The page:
#1175186 - 04/05/09 10:50 PM Re: reading music [Re: Jeff Hao]
Jeff Hao Offline
Full Member

Registered: 04/03/09
Posts: 177
Loc: Hong Kong
Re point 2 above, I hope I can offer the Hao Staff to children in 10-20 years time (this is a dream now), because

1) Hopefully I would have transcribed plenty of music (masterpieces, courses, music theory books, etc.) onto the Hao Staff

2) Hopefully their parents would have entered the world of piano music with the help of Hao Staff. And they can make informed decisions for their children.

Let me just clear one thing up. Functionally and technically, the Hao Staff sheet music more than matches the Grand Staff (and I know the Grand Staff well although I read it at snail speed!). The only difference is that one existed for hundreds of years, and the other is just born.

I qualify my above statement: it applies to piano music. When it comes to other instruments, it functions the same if properly adapted (e.g. defining the optimal pitch range for the standard staff), with only one difference: the size is bigger by about 3:2. That may limit its application. I can't imagine people writing symphonies on it.

So let's focus on piano for the time being. Is piano itself not BIG enough?
_________________________
*****
Translating piano music into the "adult-friendly" Hao Staff

http://haostaff.com - FREE sheets download (Grand and Hao Staff)

Over 100 most well-known pieces of all genres, and growing fast
... make it one of your FREE online resources

http://facebook.com/haostaffpiano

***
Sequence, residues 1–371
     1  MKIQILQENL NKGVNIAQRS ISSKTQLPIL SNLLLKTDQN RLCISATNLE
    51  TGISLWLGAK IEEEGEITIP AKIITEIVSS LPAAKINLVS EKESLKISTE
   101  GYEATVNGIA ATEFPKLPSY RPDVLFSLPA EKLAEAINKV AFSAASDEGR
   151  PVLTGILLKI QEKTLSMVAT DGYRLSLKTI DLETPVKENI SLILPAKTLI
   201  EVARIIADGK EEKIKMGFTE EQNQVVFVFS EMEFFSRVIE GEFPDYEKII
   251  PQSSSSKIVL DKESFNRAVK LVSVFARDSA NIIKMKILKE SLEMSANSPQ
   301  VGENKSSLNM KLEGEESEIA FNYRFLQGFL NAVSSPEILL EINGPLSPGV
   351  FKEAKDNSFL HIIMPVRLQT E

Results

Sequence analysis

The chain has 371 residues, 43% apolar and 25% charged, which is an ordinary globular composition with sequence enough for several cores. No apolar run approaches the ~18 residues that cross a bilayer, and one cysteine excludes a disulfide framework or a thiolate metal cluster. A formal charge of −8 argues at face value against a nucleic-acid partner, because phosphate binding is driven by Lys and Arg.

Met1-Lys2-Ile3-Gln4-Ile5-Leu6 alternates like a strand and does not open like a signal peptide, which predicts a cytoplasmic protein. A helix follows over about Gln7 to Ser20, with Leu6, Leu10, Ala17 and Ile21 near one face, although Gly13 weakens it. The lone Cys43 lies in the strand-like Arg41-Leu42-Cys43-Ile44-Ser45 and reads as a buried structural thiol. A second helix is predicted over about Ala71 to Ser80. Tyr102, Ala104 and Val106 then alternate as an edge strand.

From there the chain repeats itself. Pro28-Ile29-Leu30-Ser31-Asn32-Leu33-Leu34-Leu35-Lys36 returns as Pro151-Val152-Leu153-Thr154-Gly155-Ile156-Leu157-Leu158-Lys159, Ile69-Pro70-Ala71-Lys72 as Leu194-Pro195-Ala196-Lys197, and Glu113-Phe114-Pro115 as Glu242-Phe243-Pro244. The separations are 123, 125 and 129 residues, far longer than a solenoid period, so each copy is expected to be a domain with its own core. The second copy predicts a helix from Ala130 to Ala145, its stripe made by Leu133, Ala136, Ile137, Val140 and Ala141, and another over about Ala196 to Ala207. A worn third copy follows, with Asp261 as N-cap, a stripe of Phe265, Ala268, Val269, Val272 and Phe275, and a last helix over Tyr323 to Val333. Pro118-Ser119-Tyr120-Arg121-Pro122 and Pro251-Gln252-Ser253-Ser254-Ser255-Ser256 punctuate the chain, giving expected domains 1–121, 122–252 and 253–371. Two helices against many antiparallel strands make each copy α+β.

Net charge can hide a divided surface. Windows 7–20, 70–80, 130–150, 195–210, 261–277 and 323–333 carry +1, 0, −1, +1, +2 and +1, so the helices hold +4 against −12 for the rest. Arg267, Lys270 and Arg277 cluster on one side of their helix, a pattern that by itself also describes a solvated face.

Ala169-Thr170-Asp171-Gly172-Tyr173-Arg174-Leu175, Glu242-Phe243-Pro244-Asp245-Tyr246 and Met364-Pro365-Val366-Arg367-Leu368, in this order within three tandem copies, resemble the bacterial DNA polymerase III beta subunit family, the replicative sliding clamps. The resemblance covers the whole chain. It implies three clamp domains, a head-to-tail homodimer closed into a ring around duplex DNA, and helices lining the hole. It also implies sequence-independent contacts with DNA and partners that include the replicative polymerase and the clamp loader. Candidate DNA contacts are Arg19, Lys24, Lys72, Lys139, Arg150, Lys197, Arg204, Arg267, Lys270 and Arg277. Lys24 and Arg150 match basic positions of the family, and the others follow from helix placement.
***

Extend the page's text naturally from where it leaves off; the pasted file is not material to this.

Top
#1175271 - 04/06/09 02:26 AM Re: reading music [Re: Jeff Hao]
keyboardklutz Offline
Yikes! 10000 Post Club Member

Registered: 05/21/07
Posts: 10856
Loc: London, UK (though if it's Aug...
What people fail to understand is that it is rhythm that is the difficult aspect to reading - identifying which key goes with which space/line is pretty much child's play. Identifying a baseball is one thing, hitting it at precisely the right time and place is ... a whole different ball game. People are not used to living in time, they stumble through it.
_________________________
snobbyish, yet maybe helpful.
http://keyboardclass.blogspot.com/


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#1175273 - 04/06/09 02:43 AM Re: reading music [Re: keyboardklutz]
Jeff Hao Offline
Full Member

Registered: 04/03/09
Posts: 177
Loc: Hong Kong
Hao Staff tries to solve one problem - the "child's play". It helps those people that cannot identify which key goes with which note FAST ENOUGH using the Grand Staff, even if they try.

I don't disagree with keyboardklutz' comment. Nothing can replace learning from from teacher and practising.
_________________________
*****
Translating piano music into the "adult-friendly" Hao Staff

http://haostaff.com - FREE sheets download (Grand and Hao Staff)

Over 100 most well-known pieces of all genres, and growing fast
... make it one of your FREE online resources

http://facebook.com/haostaffpiano

Top
#1175274 - 04/06/09 02:44 AM Re: reading music [Re: Jeff Hao]
keyboardklutz Offline
Yikes! 10000 Post Club Member

Registered: 05/21/07
Posts: 10856
Loc: London, UK (though if it's Aug...
I take it you also have a solution for sucking eggs?
_________________________
snobbyish, yet maybe helpful.
http://keyboardclass.blogspot.com/


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#1175304 - 04/06/09 04:47 AM Re: reading music [Re: keyboardklutz]
Jeff Hao Offline
Full Member

Registered: 04/03/09
Posts: 177